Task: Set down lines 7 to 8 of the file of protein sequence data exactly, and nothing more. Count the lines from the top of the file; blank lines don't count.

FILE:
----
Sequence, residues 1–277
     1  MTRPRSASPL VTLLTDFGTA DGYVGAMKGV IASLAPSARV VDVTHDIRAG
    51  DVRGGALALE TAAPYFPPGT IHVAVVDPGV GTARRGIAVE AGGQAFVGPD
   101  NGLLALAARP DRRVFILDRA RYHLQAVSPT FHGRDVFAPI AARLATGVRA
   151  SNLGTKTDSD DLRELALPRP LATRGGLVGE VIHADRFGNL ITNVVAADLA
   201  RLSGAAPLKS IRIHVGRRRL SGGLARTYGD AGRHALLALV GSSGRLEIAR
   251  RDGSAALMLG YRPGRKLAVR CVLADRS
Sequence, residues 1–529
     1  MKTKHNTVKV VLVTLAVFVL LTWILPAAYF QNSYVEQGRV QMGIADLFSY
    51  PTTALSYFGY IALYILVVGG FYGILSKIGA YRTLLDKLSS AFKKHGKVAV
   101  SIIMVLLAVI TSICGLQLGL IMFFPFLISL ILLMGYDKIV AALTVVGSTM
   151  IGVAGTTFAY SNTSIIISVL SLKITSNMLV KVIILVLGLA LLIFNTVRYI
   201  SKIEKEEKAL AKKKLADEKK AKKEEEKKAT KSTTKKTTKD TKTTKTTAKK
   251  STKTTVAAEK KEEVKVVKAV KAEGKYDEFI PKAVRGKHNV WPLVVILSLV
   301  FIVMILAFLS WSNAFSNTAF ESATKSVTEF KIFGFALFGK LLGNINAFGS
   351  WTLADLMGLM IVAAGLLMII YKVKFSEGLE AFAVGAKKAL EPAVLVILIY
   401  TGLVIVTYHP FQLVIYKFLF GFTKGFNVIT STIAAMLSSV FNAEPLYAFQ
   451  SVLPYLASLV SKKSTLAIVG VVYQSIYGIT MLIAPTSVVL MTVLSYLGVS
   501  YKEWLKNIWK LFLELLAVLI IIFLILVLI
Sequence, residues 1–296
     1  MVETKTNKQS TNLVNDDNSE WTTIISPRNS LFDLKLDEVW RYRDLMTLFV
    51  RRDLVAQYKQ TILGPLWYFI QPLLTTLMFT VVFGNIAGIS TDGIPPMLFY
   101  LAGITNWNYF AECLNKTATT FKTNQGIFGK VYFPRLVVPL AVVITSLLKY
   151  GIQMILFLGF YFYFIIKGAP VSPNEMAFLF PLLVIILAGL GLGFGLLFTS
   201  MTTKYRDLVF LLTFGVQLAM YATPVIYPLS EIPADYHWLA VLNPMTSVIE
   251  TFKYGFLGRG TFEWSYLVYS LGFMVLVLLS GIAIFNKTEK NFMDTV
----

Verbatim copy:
   251  RDGSAALMLG YRPGRKLAVR CVLADRS
Sequence, residues 1–529